I am a SWF (single white female.)
I am straight.
I am an actor.
I am a climber.
I am a seminarian.
I am a Christian.
I am a New Yorker.
He is a SWM (single white male.)
He is bisexual.
He is a 7 on the Enneagram.
He is a fireman.
He is an alcoholic.
He is agnostic.
He’s a Californian.
We love these labels, don’t we? We could choose just one from a list and use it to sum ourselves up to someone else, or sum someone else up to ourselves.
Each category contains subcategories. For example, “I am a climber,” means that I love being in the outdoors. It means that I’m physically fit and that I’m up for adventure and activity.
One local restaurant capitalizes on statements like these, and I love going there. When I order my lemon and ginger tea I get to say to the server, “I am effervescent.” And for a moment… I am filled with the identity of effervescence. But when the server walks away I giggle because I am not entirely effervescent.
I just have my moments.
The Celtic theologian John Philip Newell discusses in his book “Echo of the Soul” that our core selves are in the image of God. Surrounding that core self is a lot of other stuff: our egos, our flesh, our labels, and sometimes our masks.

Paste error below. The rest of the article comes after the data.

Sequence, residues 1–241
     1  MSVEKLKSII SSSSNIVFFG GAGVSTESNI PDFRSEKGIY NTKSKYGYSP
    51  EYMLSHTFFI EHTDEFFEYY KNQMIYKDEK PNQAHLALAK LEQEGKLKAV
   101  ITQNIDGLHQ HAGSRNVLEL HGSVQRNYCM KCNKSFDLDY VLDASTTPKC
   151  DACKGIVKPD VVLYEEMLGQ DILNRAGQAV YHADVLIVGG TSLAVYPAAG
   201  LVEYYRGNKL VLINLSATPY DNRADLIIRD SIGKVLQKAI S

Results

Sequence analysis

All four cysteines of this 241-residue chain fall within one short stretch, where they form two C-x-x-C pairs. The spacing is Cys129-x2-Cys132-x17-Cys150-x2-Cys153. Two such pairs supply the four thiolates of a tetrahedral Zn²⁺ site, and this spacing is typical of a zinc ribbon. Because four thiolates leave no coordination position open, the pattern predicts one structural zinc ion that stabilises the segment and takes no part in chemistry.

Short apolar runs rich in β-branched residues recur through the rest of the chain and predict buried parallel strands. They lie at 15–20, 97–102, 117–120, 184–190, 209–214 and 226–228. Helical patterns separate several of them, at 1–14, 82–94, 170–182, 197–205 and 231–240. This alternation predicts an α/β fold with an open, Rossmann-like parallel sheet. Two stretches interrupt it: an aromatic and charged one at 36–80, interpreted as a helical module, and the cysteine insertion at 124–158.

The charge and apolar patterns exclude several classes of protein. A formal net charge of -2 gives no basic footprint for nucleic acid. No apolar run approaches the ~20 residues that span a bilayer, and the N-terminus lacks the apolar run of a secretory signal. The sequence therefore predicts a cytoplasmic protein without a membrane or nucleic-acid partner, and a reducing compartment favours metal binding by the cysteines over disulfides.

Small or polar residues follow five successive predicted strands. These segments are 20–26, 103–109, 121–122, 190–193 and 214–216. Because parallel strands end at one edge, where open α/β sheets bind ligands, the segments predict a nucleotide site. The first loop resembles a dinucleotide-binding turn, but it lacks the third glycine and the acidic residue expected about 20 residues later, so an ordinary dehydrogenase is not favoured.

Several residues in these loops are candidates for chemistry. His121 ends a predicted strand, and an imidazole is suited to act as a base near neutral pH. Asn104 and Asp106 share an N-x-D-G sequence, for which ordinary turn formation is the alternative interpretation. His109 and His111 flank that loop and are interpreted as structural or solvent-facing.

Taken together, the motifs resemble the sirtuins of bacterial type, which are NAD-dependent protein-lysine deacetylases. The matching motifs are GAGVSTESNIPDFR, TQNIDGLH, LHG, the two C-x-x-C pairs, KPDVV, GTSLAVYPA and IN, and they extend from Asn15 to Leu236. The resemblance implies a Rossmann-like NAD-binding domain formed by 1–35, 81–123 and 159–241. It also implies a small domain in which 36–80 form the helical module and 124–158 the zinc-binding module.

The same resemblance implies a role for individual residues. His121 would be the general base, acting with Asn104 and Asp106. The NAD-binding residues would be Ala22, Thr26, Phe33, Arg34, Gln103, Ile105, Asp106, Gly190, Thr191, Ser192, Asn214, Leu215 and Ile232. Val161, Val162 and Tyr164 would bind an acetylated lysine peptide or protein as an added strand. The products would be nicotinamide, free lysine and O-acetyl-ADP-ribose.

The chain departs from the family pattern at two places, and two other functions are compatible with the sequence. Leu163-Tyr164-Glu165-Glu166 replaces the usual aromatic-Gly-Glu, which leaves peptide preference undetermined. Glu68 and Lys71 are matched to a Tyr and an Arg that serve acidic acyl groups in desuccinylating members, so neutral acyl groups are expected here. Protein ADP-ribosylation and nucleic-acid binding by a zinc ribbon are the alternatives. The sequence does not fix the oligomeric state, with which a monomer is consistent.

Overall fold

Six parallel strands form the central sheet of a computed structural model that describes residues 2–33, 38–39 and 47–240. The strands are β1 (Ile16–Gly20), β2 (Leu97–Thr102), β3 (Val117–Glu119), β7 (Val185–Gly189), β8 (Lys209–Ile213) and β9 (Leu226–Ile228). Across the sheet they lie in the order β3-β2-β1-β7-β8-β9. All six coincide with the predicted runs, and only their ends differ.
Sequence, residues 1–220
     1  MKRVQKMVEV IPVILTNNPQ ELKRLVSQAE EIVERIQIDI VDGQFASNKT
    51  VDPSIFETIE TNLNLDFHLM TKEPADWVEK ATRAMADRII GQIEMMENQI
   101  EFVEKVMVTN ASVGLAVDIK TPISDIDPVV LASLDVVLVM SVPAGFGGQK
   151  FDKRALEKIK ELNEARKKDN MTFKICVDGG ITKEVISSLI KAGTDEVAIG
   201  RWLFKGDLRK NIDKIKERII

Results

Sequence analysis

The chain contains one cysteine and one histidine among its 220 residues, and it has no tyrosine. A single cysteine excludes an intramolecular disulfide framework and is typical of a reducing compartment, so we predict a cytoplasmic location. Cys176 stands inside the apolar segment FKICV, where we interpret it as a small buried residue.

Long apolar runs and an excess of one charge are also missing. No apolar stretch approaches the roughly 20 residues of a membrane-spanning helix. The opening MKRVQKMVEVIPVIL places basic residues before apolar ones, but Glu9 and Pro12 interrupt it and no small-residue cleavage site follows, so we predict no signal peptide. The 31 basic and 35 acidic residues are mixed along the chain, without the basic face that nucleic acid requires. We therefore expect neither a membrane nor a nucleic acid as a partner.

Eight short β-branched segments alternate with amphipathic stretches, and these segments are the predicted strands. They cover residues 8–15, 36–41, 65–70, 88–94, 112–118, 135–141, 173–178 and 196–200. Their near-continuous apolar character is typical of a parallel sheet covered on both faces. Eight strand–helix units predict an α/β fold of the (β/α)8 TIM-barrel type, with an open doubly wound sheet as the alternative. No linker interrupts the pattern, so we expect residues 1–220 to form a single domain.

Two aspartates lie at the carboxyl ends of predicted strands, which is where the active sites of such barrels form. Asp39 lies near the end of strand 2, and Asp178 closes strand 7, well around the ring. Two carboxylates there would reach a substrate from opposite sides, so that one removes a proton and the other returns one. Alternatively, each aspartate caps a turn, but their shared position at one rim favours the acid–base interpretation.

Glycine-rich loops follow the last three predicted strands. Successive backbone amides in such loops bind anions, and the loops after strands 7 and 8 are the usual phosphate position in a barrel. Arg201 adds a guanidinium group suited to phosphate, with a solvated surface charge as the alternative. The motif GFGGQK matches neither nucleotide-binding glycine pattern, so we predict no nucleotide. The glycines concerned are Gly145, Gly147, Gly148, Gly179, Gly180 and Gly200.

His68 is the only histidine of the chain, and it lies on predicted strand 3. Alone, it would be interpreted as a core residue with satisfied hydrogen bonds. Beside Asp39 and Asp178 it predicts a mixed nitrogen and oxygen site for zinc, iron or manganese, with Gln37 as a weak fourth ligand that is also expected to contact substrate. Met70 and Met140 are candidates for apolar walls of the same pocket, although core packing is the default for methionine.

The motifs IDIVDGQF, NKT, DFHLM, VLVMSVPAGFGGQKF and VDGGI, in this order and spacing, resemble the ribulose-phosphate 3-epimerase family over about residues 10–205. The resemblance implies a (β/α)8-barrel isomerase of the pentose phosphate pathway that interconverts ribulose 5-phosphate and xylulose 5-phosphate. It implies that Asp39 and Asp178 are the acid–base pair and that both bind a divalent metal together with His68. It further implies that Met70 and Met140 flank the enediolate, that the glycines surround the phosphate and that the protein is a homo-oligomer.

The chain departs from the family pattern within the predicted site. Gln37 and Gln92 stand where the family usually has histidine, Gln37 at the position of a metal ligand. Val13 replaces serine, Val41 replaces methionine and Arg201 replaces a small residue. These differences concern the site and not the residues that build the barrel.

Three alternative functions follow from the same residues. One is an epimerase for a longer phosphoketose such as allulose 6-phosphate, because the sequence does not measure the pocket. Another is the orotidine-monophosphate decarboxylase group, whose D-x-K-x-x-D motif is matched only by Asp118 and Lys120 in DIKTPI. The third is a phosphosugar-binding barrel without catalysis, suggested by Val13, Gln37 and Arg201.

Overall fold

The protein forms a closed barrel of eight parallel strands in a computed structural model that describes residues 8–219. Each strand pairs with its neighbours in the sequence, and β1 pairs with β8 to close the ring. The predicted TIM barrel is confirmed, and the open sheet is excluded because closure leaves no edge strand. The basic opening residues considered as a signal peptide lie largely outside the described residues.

Yet, this life that burns within us at our deepest is the same life that comes from God, our Source of Life.
Our Source of Life can be called many things.
But primarily, God is mysterious. And therefore, we are also primarily mysterious.
As Newell says, “Our own being is rooted in the fathomless mystery of God’s being. Our truest identity is deeper than name and definition.”
It is as if the seed of God is planted deep within us and we are both gardens and gardeners. As Meister Eckhart says, “When I began to see the soul in this light, the important thing became not saving the soul but entering it, greening it, developing the divine seed that waits realization.”
I have cultivated my divine seed. She has been growing within me, and I have been so proud of her that I have built an impressive green house around her.
That way, when anyone approaches they will see that there is something truly profound inside. On the windows of the greenhouse are written pious prayers.
And yet, I am finding that my divine plant at the core of my garden is beginning to press against the roof of the greenhouse. A small crack has formed in the glass. I could make a hole through the top of the roof… but something in me says that it’s time to carefully dismantle this impressive structure and give my divine core some fresh air.
On second thought, could someone pass me that sledge hammer?